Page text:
Chapter One Why Do I Need an Estate Plan?

Wealth Transfer Essentials Chapter Two

Let’s face it: Estate planning is, for most people, challenging at best. It involves grappling with mortality, trying to remember arcane terms and concepts, and — perhaps most challenging — addressing sensitive family issues. It’s a small wonder that so few people have an up-to-date estate plan.

One of the reasons the process is so challenging is that most people view estate planning in isolation. That is, they think of it as involving things that happen only after they’ve died. Viewed more comprehensively, however, estate planning is really just one component of a properly structured financial plan.

And good planning goes beyond finances. To create a plan that may truly improve your life, you must first discover those key goals and issues that really motivate you, and then compare your existing financial situation to these goals to see how prepared you are to meet them. Once you’ve uncovered what is most important to you, you can begin to formulate a plan that really makes sense.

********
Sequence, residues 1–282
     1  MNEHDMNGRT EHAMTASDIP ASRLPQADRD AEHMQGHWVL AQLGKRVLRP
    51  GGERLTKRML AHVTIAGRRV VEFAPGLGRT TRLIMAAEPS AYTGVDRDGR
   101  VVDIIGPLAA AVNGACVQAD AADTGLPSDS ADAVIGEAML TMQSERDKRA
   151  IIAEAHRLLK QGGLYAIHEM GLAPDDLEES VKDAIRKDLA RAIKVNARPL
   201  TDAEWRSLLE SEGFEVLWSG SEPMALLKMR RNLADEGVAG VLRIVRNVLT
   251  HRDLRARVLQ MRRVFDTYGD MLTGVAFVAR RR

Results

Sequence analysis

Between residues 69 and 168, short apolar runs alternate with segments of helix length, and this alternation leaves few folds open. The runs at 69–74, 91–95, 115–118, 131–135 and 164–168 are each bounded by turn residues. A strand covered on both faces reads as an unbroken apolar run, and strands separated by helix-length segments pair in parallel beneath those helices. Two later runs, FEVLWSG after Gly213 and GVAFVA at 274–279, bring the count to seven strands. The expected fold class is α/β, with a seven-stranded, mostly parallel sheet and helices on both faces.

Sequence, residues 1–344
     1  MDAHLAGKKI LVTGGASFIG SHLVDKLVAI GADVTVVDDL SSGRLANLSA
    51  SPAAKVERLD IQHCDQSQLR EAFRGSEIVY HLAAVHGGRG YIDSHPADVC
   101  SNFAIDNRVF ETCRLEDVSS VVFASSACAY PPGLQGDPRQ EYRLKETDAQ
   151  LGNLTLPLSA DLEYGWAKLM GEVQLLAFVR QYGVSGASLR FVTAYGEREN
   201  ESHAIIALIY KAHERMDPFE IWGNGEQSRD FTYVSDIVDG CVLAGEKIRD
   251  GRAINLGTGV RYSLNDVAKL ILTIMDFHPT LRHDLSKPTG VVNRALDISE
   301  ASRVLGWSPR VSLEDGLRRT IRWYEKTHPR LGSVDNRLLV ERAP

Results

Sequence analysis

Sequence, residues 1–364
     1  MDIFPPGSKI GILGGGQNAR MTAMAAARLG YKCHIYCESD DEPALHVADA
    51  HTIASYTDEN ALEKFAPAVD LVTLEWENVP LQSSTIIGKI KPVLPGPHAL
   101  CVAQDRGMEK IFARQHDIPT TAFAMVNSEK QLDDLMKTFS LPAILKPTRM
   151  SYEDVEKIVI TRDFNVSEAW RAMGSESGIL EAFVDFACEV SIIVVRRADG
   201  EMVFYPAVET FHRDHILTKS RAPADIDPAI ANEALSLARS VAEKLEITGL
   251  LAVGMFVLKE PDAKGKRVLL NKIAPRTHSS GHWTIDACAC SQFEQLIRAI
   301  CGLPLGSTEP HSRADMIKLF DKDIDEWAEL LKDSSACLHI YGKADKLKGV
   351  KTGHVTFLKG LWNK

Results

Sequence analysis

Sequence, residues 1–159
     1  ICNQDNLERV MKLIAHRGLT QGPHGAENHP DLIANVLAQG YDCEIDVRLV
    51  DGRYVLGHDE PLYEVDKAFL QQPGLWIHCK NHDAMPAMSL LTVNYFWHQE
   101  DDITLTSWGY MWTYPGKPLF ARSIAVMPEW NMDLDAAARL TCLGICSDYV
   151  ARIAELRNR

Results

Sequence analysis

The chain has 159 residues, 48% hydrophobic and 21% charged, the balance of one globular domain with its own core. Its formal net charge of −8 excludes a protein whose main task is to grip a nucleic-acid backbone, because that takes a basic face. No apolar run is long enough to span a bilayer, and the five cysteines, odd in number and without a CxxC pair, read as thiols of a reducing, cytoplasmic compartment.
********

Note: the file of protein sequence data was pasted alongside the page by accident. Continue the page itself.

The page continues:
Why have an estate plan? The reasons begin with providing for a spouse or children or other family members and aligning your wealth transfer with your charitable vision. But there are other things to consider, such as helping protect assets from lawsuits or creditors, avoiding probate, or avoiding a substantial settlement impact on your heirs. See the chart below for other pitfalls to consider.

The way you own your wealth can have a huge impact on whether that wealth will actually pass according to plan. In other words, the way in which assets are “titled” can either support or undermine your estate plan.

Most people may talk to their estate planning attorney only once every five or 10 years. Even if assets are properly titled at the time the estate plan is completed, assets acquired after that will need to be reviewed to ensure that they are owned in the proper form and included in the plan. And these newer assets are generally the ones that may cause an unintended or inefficient transfer.

Even experienced estate planning lawyers will have their share of stories about assets passing to the wrong people. You may have invested a great deal of emotional energy (not to mention legal fees) in establishing a plan that truly reflects the values that you want to pass along with your wealth. Don’t let that work go by the wayside because of titling problems or other pitfalls.